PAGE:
Using service to accelerate social innovation

As we embark upon a period of significantly constrained resources coupled with consistently high demand for assistance for vulnerable populations, the need for new ways of delivering high-quality services at a reduced cost is paramount. Social innovation to achieve more effective or efficient delivery of assistance is therefore critical. National and volunteer service has contributed to social innovation in three important ways: providing human capital for innovative initiatives; breaking down so-called silos; and exposing young innovators to pressing needs. Let’s look at each in turn.

Providing human capital for innovative initiatives

Service provides organized assistance—also called interventions—with low-cost human capital. National service participants may be available full-time to provide direct service or to build the capacity of organizations, including supervising part-time volunteers (who receive no remuneration). As a result, national service has provided essential human resources for entrepreneurial results-oriented organizations, including Citizen Schools, Harlem Children’s Zone, and Playworks—cutting edge programs that have dramatically improved the educational experience for countless children. The Cities of Service model of engaging citizens in what has become known as “impact volunteering” has given mayors a new flexible tool to tackle pressing city issues, which can be adapted as priorities change.  This strategy provides the human capital for innovative solutions at the city level.

Breaking down “silos”

Federal funding for service provided through the Corporation for National and Community Service does not place restrictions on providers or interventions. As a result, many programs that the corporation supports cross traditional boundaries or so-called silos—such as addressing obesity through schools or combining job training with education—helping clients navigate and access services provided by a range of other community providers or breaking the boundaries of traditional service provision (for example, exposing students in underresourced schools to workforce opportunities or college options).

Exposing young innovators to pressing needs

National and volunteer service exposes individuals, particularly young people, to challenges present in their own communities and inspires them to take action. Some of these individuals become the next generation of social entrepreneurs: Kirsten Lodal, the founder of LIFT—a nonprofit combating poverty in the District of Columbia—for example, started her program to connect low-income people with jobs, housing, and other services while she was a student volunteer attending Yale University.  Likewise, Jeff Lafata came up with the idea for Empowering People for Inclusive Communities—a nonprofit organization to address the growing need for transition-aged youth with disabilities to develop their leadership skills—while a corps-member with City Year.  And the founders of the KIPP Academy—the acclaimed charter-school network—developed their concept when they were teachers with Teach For America.

A blueprint for agencies

Agencies interested in exploring service to address specific challenges within their missions should be encouraged to know that service typically offers three types of benefits:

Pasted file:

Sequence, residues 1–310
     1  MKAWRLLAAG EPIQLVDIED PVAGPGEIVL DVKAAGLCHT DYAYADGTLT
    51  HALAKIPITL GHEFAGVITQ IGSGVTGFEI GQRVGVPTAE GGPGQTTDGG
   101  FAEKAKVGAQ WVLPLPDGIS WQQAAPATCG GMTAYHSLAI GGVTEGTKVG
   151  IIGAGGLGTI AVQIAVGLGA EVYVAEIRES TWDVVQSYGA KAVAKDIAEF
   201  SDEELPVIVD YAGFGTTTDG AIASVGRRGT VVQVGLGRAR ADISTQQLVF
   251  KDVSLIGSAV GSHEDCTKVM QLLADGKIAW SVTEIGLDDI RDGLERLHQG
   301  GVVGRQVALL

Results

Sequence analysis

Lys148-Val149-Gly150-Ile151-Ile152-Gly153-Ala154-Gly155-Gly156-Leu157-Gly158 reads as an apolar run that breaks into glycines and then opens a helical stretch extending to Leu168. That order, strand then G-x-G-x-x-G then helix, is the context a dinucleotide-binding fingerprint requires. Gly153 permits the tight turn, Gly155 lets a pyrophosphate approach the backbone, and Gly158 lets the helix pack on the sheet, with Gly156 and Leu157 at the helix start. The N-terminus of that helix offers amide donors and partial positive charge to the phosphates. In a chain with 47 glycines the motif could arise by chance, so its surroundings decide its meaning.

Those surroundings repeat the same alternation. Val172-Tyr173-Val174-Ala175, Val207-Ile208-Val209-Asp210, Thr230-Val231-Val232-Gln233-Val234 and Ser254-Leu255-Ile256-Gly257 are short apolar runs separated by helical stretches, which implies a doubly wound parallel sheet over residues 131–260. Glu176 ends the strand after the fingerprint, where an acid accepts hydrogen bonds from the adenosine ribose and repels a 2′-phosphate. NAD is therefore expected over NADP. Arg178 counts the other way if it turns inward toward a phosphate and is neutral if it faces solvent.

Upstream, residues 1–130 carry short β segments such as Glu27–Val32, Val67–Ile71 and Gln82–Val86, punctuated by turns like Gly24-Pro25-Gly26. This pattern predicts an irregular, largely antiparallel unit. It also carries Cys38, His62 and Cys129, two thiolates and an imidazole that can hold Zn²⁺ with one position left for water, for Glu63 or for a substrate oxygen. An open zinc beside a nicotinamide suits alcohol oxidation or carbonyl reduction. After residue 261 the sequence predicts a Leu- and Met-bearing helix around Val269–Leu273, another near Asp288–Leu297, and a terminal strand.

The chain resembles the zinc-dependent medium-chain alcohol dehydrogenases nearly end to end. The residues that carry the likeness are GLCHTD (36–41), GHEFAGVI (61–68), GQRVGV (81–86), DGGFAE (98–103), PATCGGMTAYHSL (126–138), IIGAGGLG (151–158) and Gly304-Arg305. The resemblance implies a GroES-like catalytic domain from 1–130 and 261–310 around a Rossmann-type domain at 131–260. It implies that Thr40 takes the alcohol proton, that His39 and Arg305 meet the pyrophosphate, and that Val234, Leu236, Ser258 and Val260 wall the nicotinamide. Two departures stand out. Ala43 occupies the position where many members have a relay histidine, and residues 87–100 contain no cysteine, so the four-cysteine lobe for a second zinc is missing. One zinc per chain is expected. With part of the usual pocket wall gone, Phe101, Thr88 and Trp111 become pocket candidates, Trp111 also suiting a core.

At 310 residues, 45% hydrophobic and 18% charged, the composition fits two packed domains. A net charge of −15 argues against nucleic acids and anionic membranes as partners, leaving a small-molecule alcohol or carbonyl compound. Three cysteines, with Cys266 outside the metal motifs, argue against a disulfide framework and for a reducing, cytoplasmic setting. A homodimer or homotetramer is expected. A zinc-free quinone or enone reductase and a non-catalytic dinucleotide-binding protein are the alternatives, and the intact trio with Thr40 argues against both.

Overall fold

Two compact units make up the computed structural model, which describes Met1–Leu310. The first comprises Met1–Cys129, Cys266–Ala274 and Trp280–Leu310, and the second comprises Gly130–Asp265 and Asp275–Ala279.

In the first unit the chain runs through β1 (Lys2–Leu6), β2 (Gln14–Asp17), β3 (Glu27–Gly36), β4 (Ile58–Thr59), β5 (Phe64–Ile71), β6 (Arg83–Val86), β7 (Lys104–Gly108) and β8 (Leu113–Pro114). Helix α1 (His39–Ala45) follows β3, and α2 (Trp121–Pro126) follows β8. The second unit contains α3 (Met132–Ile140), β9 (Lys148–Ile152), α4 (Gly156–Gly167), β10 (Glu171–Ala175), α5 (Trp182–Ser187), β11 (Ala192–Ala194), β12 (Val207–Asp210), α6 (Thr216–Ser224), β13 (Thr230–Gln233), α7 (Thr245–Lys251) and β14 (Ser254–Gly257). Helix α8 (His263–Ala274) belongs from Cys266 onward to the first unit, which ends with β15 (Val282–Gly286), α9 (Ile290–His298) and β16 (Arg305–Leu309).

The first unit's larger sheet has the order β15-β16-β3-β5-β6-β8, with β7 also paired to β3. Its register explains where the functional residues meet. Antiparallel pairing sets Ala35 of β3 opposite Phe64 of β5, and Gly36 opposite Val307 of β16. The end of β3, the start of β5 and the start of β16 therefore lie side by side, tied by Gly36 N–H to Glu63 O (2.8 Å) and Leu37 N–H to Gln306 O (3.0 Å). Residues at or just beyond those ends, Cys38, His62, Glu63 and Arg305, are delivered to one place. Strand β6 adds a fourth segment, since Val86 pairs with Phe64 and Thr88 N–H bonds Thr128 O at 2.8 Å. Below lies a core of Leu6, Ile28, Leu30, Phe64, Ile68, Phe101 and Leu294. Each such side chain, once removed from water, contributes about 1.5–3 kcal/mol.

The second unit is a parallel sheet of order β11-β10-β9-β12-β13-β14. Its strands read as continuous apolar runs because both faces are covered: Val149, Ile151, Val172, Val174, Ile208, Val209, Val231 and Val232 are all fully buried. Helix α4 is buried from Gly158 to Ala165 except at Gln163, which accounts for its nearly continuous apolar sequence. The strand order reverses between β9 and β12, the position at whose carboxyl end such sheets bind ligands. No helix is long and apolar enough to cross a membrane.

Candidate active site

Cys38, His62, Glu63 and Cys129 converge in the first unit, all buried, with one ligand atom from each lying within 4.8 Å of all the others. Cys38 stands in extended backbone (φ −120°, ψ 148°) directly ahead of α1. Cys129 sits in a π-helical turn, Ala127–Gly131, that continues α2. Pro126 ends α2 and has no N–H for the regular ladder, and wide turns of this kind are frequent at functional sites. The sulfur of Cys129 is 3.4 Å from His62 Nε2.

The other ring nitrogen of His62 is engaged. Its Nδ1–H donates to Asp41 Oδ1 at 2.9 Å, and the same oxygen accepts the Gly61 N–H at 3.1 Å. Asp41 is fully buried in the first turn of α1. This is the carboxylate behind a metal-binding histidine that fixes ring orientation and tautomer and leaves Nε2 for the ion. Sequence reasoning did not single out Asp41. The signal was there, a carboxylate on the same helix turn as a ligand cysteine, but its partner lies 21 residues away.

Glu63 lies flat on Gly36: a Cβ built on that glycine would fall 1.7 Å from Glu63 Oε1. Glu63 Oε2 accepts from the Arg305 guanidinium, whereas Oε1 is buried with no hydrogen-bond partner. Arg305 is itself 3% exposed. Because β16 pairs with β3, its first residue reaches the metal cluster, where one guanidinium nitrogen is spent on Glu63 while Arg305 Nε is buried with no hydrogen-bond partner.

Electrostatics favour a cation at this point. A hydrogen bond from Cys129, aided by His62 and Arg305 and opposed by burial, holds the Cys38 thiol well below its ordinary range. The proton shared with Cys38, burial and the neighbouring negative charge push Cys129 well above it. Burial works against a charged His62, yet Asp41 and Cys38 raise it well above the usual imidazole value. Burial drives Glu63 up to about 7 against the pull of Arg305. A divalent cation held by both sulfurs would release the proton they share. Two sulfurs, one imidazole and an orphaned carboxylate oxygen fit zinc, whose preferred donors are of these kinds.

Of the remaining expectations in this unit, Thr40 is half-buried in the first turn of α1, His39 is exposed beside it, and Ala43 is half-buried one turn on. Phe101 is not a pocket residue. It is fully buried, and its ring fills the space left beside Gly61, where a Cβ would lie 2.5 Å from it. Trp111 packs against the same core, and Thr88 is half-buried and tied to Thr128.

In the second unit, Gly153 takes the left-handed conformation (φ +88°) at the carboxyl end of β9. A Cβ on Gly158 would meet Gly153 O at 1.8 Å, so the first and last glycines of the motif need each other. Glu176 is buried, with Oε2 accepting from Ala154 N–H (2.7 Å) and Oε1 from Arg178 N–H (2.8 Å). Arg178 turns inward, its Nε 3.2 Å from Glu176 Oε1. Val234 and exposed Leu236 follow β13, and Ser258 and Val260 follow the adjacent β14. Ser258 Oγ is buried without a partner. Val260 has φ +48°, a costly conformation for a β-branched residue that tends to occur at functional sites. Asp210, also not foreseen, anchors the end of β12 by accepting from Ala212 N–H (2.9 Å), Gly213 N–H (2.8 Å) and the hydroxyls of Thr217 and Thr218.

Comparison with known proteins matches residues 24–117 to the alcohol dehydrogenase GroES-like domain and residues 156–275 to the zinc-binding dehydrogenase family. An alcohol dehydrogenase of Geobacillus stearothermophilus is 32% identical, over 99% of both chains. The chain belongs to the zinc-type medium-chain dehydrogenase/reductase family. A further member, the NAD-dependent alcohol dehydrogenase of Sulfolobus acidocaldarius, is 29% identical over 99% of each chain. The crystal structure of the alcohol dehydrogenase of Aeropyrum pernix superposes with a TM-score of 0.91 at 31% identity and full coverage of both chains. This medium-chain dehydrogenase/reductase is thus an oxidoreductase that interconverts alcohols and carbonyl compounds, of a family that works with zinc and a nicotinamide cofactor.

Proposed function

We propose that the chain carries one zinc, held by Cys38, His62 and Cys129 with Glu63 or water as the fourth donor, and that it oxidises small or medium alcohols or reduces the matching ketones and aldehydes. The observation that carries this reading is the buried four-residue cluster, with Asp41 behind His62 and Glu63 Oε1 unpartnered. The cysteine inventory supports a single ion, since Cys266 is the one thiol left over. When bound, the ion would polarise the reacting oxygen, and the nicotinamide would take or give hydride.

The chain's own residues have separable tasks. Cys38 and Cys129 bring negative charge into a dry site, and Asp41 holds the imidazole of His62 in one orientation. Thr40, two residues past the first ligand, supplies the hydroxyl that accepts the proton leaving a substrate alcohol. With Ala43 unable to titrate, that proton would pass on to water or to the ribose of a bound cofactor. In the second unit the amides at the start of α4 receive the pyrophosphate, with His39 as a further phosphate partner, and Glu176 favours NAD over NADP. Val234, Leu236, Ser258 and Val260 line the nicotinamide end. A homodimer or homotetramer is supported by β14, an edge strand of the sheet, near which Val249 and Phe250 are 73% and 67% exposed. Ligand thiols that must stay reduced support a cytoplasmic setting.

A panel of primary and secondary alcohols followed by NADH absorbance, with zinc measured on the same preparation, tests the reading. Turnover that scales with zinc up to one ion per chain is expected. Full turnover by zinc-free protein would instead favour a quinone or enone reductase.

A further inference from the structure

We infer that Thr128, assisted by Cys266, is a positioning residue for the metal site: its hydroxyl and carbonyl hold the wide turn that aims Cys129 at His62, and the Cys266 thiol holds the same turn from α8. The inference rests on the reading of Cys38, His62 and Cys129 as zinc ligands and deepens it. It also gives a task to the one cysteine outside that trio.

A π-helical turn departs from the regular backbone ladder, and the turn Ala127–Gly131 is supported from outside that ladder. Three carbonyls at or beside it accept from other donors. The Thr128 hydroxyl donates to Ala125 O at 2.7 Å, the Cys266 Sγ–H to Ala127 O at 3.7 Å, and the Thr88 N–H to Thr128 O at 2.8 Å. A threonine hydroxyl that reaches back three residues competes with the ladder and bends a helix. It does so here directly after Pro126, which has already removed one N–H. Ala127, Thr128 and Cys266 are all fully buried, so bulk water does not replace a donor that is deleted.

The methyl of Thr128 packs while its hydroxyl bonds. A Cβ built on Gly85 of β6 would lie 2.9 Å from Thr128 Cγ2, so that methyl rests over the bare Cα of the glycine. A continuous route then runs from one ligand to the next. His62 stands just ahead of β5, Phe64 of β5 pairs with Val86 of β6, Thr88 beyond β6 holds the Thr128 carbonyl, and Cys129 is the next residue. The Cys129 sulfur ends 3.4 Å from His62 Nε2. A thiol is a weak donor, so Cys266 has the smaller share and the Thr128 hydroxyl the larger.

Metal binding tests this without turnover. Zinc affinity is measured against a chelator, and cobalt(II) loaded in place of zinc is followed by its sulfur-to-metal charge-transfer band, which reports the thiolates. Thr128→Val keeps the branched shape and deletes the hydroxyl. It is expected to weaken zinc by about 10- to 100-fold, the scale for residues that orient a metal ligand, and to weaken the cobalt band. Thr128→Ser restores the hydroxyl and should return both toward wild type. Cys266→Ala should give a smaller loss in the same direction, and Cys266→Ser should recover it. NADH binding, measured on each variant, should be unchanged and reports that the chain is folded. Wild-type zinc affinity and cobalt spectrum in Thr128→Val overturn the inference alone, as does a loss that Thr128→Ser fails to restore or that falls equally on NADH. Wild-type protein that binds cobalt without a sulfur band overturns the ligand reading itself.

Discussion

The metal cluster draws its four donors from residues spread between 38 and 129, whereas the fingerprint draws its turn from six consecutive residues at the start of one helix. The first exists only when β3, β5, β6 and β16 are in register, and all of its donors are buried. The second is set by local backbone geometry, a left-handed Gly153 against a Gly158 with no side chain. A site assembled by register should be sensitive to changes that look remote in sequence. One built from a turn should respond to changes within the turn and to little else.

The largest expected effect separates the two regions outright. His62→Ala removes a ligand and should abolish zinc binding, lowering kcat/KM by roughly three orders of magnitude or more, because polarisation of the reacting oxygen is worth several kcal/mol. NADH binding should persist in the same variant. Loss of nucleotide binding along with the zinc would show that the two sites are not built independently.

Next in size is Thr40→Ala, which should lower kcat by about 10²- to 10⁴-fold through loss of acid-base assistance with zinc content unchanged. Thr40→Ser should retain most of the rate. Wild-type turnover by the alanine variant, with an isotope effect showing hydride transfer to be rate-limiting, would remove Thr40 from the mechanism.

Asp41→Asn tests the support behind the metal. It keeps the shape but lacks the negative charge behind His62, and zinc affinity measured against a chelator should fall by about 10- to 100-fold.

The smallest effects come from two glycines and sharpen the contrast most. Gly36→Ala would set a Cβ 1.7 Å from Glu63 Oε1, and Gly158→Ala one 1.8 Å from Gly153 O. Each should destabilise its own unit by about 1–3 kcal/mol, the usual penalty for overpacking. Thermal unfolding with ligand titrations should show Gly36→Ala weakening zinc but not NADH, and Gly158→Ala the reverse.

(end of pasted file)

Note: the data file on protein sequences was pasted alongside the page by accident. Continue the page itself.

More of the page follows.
• It can be a tool to direct human capital where needed to deliver specific outcomes.
  • It can impact the people performing the service by teaching them skills, providing them with new social or professional connections, increasing their sense of self-worth, or even improving their health and happiness.
  • It strengthens the “civic fabric” of communities by bringing people together in common purpose.

In looking to employ innovative options to meet their missions agencies should consider three types of service:

  • National service is civilian service involving substantial time commitments (up to full time) for a specific time period (or term of service). Participants in full-time national service typically receive a modest living allowance (at least equal to minimum wage) and may receive other benefits, including health insurance and an education award or other benefit at the end of their term of service. Part-time national service participants generally receive reduced benefits. City Year, Teach For America, and Volunteers in Service to America—all part of AmeriCorps—are examples of full-time national-service programs.
  • Service-learning is a teaching and learning strategy aimed at students that integrates meaningful community service with instruction and reflection to enrich the learning experience, teach civic responsibility, and strengthen communities. Business-school students who do class projects to benefit nonprofit organizations, language students who practice their skills by volunteering with immigrants who are native speakers, and science students who measure local pollution levels and take remedial action are all engaged in service-learning.
  • Impact-volunteering is a volunteer strategy that targets community needs, uses best practices, and sets clear outcomes and measures to gauge progress. Volunteers typically receive no remuneration for their service.  Volunteer tax-preparation programs in low-income communities, volunteer tutors working to improve early literacy, and community playground building efforts organized by the nonprofit KaBOOM! may all be examples of impact volunteering, provided they are consistent with the above definition.

Service, including the engagement of volunteers who receive no remuneration, requires an infrastructure and therefore a modest investment of resources. Such investments, however, are typically far less than the value of the human resources provided. In fact, one study found that organizations that engage 10 or more volunteers are equally as effective as those with no volunteers, but the organizations with volunteers operate at about half the cost.